Crystal Lake Campground Professional Guide
Detailed Trail Description from our Guidebook
"Crystal Lake is different from most high mountain lakes. It’s very shallow, about 13 feet deep in the spring after the mountain snowmelt, and by the end of the summer it may dwindle to only 5 feet. The lake’s water gradually seeps out through its porous limestone bottom until it is almost nonexistent, and then the snowmelt begins again. As a result, the trout found here are restocked annually, since they can’t survive the thick ice cover and lack of oxygen in the winter. The lake is perfect for canoes and float tubes and attracts family groups.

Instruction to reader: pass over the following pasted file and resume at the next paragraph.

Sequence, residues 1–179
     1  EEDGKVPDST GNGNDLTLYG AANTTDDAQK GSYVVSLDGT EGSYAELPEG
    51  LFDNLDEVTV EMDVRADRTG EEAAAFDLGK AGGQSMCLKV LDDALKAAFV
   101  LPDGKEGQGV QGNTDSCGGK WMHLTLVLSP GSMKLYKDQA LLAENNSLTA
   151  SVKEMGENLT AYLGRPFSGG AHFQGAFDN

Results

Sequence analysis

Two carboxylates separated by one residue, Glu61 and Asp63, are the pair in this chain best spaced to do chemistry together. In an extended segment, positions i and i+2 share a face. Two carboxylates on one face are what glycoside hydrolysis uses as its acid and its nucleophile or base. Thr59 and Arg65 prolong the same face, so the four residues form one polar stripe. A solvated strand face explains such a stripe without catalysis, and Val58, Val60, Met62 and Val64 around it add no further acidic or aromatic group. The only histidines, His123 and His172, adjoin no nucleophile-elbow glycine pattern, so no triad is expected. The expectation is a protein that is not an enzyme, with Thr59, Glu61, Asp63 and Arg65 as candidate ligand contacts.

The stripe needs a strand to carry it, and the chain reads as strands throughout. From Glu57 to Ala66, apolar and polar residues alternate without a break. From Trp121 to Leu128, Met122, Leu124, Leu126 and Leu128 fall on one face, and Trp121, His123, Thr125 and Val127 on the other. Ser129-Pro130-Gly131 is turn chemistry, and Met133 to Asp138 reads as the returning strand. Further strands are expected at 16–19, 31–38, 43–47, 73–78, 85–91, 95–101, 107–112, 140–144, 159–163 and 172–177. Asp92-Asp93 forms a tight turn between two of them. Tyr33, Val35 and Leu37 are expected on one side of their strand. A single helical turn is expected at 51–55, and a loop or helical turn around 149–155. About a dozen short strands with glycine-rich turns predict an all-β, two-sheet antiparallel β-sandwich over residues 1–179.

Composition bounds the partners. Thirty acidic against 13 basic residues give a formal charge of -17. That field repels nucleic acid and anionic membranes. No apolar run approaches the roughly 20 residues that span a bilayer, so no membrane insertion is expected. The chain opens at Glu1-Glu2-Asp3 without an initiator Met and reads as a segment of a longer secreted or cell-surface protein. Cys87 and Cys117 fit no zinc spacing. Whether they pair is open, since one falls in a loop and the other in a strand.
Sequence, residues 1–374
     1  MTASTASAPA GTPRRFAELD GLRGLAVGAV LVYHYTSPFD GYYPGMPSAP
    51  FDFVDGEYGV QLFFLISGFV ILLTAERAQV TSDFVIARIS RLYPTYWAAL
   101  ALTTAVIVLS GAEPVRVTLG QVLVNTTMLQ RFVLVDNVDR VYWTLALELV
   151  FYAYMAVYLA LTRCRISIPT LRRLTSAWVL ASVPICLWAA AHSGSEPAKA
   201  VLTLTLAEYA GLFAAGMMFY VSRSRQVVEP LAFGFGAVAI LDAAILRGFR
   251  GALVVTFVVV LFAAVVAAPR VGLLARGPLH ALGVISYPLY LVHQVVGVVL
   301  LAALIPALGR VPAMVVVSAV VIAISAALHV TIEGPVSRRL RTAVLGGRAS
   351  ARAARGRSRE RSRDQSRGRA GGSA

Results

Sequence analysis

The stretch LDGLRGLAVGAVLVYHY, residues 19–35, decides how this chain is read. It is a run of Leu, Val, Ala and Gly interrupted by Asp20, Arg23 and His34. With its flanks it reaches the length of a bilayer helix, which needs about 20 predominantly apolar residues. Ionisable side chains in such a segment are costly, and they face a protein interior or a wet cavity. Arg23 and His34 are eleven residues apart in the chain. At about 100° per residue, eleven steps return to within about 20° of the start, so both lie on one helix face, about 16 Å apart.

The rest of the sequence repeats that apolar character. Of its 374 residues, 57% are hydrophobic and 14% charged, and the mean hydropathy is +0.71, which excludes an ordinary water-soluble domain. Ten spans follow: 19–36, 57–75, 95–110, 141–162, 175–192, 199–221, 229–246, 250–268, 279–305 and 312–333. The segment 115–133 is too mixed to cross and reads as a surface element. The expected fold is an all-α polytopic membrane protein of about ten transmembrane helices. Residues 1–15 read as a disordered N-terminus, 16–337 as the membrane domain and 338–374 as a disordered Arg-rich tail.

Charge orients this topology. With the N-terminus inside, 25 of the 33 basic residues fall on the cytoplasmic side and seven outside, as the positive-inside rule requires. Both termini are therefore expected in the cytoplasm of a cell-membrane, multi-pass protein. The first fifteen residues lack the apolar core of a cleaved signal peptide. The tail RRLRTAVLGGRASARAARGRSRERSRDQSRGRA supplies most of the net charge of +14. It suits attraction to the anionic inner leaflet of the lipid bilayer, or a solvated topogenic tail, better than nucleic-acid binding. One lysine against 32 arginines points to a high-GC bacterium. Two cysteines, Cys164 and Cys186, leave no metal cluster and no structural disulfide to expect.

The range lives up to its name, with peaks that top out above 8,000 feet and are usually snowcapped well into July. The Big Snowies are often called a laboratory range, due to continued geological study of the formation’s 400-million-year history and wealth of visible fossils. Hikers and campers may come across fossils or notice the sedimentary aspects, but their appreciation is generally for the recreational aspects of this distinctive island in the midst of the prairies."